There was a time in my life when I basically kept every book, and imagined myself having an ever-expanding personal library with shelves upon shelves upon shelves. And I remain fascinated by beautiful photos of libraries around the world. But I reached a turning point a few years ago, and it was as much related to reaching midlife as to any organizational consultant’s advice. At a certain point, I had lived long enough to sufficiently experience how I actually behave, not in theory, but in reality. Prior to that point, there were a lot of books that I was keeping around with the intention to read them again “someday.” But I increasingly noticed that with rare exception, “someday” never comes.
Every year there are a huge number of new books published that I don’t have time to read, so a book has to be truly excellent for me to revisit it when I could be reading a book I haven’t yet read. So I started going through my books about once a year and asking myself the somewhat morbid question, “Am I going to live long enough to read this book again?” (Reflecting on one’s mortality is a time-honored spiritual practice across many traditions for getting one’s priorities straight, and it really works a lot of the time.) If I realize that there is likely not “world enough and time” for me to revisit a book, I feel much freer and easeful about giving it away. So far this method is working to maintain a rough correlation between the number of books I own and the available shelf space.
And now that I’m a few years into this periodic book purging process, I can report that approximately once a year I will find myself looking for a book only to realize that I have given away. I will usually have a brief moment of panic, then realize, “Oh well. I don’t really need it.” Or: “I can think of another way to accomplish the same thing.”
Conversely, here’s the perverse side of failing to take Marie Kondo’s advice on decluttering. Have you ever had the experience of having so much stuff that you are keeping around “just in case you need it,” only to not be able to find the thing when you need it because it is lost amidst all the unorganized piles of stuff. So then you end up buying a new one anyway—only to later (too late to help) also find the old one. So now you have two of that thing anyway, and you would’ve been better off giving the old one away in the first place—so that at least you can easily locate all the things you have.
Generally, Marie Kondo is right on about the value of cleaning by giving stuff away, and storing everything you do keep so that it is easily visible. And let’s all be honest that she is truly a folding ninja. I bow to her folding prowess. Also, respect to Magin, who has been consistent for more than a year now about folding her clothes in the Kondo-approved method. I haven’t even tried. Maybe one day. There’s just so much reading I’d rather be doing instead!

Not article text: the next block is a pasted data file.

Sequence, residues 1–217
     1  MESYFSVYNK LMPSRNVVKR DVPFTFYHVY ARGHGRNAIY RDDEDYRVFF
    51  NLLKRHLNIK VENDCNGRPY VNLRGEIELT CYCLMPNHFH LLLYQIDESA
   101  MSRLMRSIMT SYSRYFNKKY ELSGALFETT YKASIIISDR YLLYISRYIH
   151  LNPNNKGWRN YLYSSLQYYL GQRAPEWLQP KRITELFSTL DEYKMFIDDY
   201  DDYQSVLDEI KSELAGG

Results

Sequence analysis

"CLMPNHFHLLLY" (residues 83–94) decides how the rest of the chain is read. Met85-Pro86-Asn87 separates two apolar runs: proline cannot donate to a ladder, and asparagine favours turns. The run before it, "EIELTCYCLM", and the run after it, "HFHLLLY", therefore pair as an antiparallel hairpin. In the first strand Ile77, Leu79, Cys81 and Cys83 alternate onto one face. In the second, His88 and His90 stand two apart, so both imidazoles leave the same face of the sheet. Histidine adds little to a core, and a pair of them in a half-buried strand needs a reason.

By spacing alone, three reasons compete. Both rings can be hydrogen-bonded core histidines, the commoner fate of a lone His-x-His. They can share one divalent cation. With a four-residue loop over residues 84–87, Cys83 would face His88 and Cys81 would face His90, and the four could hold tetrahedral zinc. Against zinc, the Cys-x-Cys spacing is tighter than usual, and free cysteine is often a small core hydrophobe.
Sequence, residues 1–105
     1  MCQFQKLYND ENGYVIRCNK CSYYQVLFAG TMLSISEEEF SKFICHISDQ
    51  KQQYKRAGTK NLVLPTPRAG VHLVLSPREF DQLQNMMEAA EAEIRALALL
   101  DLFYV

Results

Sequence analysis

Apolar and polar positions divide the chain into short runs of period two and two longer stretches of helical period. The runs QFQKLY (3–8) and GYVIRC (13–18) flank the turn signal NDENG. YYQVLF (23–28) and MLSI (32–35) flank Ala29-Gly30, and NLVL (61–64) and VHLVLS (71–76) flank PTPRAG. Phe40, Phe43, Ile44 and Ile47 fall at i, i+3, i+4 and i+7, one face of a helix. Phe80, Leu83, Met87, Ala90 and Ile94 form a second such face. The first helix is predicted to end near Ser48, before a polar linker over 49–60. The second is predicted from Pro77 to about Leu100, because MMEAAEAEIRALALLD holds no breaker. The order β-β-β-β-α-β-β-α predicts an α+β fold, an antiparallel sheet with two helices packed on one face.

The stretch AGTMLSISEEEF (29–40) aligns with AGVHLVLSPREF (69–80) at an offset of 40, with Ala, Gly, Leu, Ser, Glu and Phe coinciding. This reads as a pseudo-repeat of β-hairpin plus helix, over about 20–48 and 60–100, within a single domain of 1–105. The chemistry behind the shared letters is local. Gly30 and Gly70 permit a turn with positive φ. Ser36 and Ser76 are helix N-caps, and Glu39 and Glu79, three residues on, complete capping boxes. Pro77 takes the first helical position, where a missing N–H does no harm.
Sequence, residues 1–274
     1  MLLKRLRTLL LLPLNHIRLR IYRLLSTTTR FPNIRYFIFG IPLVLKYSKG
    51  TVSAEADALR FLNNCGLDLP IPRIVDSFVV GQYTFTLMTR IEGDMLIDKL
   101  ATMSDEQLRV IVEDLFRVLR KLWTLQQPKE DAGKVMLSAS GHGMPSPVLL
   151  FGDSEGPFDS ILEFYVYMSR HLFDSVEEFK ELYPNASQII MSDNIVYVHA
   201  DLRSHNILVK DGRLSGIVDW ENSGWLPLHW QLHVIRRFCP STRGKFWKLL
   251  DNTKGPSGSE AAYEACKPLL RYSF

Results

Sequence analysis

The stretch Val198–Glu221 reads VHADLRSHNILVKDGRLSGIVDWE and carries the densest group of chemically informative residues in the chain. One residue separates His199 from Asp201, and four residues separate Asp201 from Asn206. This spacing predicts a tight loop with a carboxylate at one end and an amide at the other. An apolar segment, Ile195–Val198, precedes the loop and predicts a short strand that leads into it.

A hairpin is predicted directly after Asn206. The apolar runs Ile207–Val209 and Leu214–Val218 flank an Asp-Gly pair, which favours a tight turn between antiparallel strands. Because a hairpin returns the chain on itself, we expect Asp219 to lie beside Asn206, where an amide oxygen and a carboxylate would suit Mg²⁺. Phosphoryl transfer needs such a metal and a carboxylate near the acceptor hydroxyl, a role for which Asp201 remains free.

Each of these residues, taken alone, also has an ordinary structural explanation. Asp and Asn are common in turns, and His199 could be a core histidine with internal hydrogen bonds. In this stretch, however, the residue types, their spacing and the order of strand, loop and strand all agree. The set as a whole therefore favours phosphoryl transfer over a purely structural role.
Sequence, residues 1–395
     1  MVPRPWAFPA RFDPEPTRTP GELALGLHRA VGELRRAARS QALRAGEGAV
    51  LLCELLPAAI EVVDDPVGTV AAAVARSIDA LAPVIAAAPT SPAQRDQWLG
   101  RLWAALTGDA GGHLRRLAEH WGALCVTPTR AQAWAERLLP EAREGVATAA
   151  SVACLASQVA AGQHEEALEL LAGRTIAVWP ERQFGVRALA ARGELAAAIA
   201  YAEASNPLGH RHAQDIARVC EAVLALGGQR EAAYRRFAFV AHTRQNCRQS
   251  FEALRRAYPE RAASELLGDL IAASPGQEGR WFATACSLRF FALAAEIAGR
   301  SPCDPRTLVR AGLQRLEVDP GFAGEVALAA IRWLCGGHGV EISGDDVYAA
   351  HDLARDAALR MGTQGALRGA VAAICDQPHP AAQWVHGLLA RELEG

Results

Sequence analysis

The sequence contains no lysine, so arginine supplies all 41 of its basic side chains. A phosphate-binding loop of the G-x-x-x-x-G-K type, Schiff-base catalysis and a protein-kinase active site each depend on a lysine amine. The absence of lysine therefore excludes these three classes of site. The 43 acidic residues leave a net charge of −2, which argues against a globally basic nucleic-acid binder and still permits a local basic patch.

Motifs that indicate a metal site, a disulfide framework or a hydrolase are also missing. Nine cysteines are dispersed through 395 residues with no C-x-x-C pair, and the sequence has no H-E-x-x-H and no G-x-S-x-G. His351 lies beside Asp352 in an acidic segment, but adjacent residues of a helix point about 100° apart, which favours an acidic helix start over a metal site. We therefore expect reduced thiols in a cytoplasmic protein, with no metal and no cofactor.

For now, rather than staying on the surface of Marie Kondo’s organizational philosophy, I would like to take us one level deeper. If you watched the Netflix series, you may remember that after introducing herself to new clients, one of the first things she does is kneel for about two minutes of silence, then bow to “greet the house” that they will be tidying (188). You may also remember her physically tapping books to “wake them up” or encouraging people to bid a kind farewell out loud to objects that no longer spark joy (193).
I can’t recall whether it comes up in the tv series, but at least in her book, it is explicit that she learned these practices from the Japanese religion of Shinto. She writes that, “The Japanese people have treated material things with special care since ancient times…. The Japanese believed that gods resided not only in natural phenomena such as the sea and the land [as did the similarly polytheist culture of the Romans and Greeks] but also in the cooking stove and even in each individual grain of rice, and therefore they treated all of them with reverence” (Kondo 2016: 277). Here we can begin to see the ways that Marie Kondo’s practices of tidying can point us toward something much more radical underneath.
Shinto, along with the perhaps more familiar practices of Neo-Paganism, are both part of a larger set of traditions call Animism (Harvey 2017: 84-5). And the best definition of Animism that I have found is that, “Animists are people who recognize that the world is full of persons, only some of whom are human, and that life is always lived in relationship with others” (xiii).
An animist worldview invites us to expand our definition of personhood from humans-only to a spectrum that includes other beings on this planet who also experience forms of sentience and subjectivity. (I have said a lot more about what that sort of spectrum might include in previous posts about Peter Singer’s ethics and animal rights.)